When you’re looking for volunteers or chaperones for children’s events or children’s ministry, it’s easy to choose the first few warm bodies available. But teaching kids about Jesus is about more than simply having a warm body in place. There are several things you need to ensure prior to signing up your volunteers.
Do you need volunteers for children’s ministry? Don’t forget these five things.
- Common Goals
Get everyone on the same page with your church’s values, mission, and priorities. This may seem like a no-brainer, but you’d be surprised just how important this first line of training is when recruiting volunteers.
Volunteers are looked to as leaders, so they need to be on board with what your church is teaching. Many times during the course of the event, the leader of your group will be teaching kids faith and a child or teenager will ask them for guidance. If a volunteer doesn’t believe or follow the teachings of your church, their counsel may be a deterrent for a student in their walk with God. Don’t forget this very important training!
- Health and Safety
Do your trainees need CPR/First Aid, food allergy awareness, etc.? When asking for volunteers for your different children’s ministry ideas, don’t forget the “just-in-case” scenarios.
For example, let’s say you are planning a nature walk on a Saturday with your students. Yes, you will need water and food, but what about someone who is certified in First Aid or CPR? Choose your volunteers carefully because you want them to be an asset to your activity, not a detriment. If you are doing something that requires outdoor acumen, choose volunteers who are suited to this. Hold a class prior to the activity to fully communicate the physical restraints of the activity, as well as tips and tricks to help with leading the students.
Make a list of what to look for in your students. For example, if one of your students has asthma or food allergies, train your volunteers about the warning signs of an impending attack. Collect a list of potential health issues for anyone on the outing, along with some training tips for how to work with them and how to handle the situation if something were to happen.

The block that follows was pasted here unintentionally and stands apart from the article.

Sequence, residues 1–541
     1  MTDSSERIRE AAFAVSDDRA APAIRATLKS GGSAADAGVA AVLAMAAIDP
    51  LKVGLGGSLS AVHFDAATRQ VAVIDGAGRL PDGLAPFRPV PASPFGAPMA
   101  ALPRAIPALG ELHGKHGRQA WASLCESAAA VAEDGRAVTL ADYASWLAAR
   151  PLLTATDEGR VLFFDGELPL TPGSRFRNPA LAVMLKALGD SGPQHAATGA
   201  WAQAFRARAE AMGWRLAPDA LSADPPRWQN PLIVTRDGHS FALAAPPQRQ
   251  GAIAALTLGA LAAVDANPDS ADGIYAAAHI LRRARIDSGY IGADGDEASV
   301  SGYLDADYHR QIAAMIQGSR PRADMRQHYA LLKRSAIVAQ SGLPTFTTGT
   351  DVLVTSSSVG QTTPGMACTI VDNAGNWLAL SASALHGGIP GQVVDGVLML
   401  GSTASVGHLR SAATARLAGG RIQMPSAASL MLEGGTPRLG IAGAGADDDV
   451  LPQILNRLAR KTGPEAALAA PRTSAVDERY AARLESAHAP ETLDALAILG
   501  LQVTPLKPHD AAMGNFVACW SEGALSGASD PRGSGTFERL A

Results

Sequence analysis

Brainstorm ideas for including kids with learning differences, language differences, special needs, and disabilities. Diversity is seen, but inclusion is felt. Ensuring that everyone feels included is important; it’s how Jesus wants us to treat others.
As you collect your group of volunteers, train them as leaders who include everyone. There is no room for bullying, no matter the situation. Discuss all of the possible differences in the group. Find solutions for combatting any participant’s feelings of being left out. For example, if you have a student who has a disability and cannot swim, make sure you bring a raft along, or a tube where they can float with the other students. Consider asking them what makes them feel left out. Train your volunteers to work to prevent these feelings. It all boils down to communication and training.
- Reporting Abuse
Identify a process and procedure for reporting observed issues that may be signs of abuse or neglect.
Abuse is defined as:
- Inflicting or allowing non-accidental, serious physical injury
- Creating or allowing a substantial risk of non-accidental, serious physical injury
- Using or allowing cruel or grossly inappropriate procedures or devices to modify behavior
- Committing, permitting, or encouraging the rape of the child or other sexual crimes
- Creating or allowing serious emotional damage to the child
- Encouraging, directing, or approving delinquent acts involving moral turpitude committed by the child
Train your volunteers to look out for these signs. At the first sign of any of them, report the situation to the appropriate leader. Many people don’t report because they are not sure what abuse is, nor do they know who to tell. Remove these factors to ensure a safe environment for your students.
Give volunteers and chaperones time and space to come up with children’s ministry ideas, especially for activities. Ensure consistent communication with your volunteers. Let them know that you care about them and the good work they are doing. Asking them to help with ideas will make them feel ownership.
Consider collecting your volunteers for a session where you play games, bond, and brainstorm ideas for future children’s activities. Bring Sunday school curriculum or books that have Bible stories for kids for them to peruse to see what types of ideas they can use or expound on. Use what works!
Successful Children’s Ministry = Teamwork
You can’t do it alone. You need a team, and most of the time that team is completely made up of volunteers. Encourage a sense of ownership and creativity. But most importantly, create an environment of love and acceptance for all. People gravitate to places where they feel part of something. Create that safe space for your students, but start with your volunteers!